Small whale freed after becoming stranded along River Thames

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A small whale has been freed after it became stranded along the River Thames in south-west London on Sunday evening.

Hundreds gathered at Richmond Lock and Weir after the whale, believed to be a Minke and between three to four metres long, became stuck on the lock’s boat rollers.

Videos showed it being hosed down by a man believed to be a Port of London Authority (PLA) staffer, while a vet performed a check-up at the river’s edge, before the Royal National Lifeboat Institute (RNLI) arrived at the scene to the cheers of onlookers around 9pm.

Fire crews were also at the scene, along with the British Divers Marine Life Rescue service.

Footage posted from the scene showed the whale finally being freed at about 1am.

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Glen Nicolaides from London Fire Brigade told the BBC the whale had been moved to a more “stable” location where it would be assessed to determine the scale of its injuries and whether it could be released.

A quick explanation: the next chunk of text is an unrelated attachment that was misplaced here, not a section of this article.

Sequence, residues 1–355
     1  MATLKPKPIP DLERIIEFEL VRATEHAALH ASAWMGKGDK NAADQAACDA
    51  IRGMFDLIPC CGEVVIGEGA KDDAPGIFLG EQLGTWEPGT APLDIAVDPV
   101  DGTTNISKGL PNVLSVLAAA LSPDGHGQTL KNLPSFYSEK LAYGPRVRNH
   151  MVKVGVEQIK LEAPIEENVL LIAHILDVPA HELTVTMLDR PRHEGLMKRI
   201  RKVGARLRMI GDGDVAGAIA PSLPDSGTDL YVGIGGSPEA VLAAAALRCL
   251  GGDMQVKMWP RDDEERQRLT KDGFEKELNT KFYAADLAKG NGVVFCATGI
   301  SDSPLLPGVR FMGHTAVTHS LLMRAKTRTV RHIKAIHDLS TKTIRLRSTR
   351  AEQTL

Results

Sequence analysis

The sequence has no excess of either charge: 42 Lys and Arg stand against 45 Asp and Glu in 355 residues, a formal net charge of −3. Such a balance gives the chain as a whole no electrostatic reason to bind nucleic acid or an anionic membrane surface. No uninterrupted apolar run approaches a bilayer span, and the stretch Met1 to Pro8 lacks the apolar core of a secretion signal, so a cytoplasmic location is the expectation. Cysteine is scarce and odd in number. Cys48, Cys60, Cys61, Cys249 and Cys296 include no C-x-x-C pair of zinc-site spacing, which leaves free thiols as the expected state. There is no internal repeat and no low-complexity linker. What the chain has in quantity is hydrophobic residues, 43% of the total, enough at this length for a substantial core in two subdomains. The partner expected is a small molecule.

Earlier, a witness told the PA news agency that “quite the crowd” watched as the attempted rescue took place.

Whale stranded at Richmond Lock and Weir
A man seen hosing down the whale (Jake Manketo/PA)

Jake Manketo from Richmond, said: “Everyone here is just hoping they get it out.

“We couldn’t believe our eyes when we first saw the poor fella, not every day something like this happens in Richmond.”

It is believed the whale was first spotted at midday a few miles up the river near Barnes Bridge.

Whale in Richmond
The RNLI was cheered on arrival to the scene (Jake Manketo/PA)

A spokesperson for the PLA, which owns and operates the lock, said: “At around 7pm on Sunday, a small whale, approximately 3-4m long, believed to be a Minke whale, became stranded at Richmond Lock and Weir.

“PLA staff have attempted to assist the whale with water along with British Divers Marine Life Rescue.”

Minke whales are the smallest of the great whales, growing to about 10m.

They can usually be found throughout the northern Atlantic and Pacific Oceans.

Their range extends from the ice edge in the Arctic during the summer to near the equator during winter.

The lock is situated between Teddington and Richmond, comprising of three vertical steel gates suspended from a footbridge.

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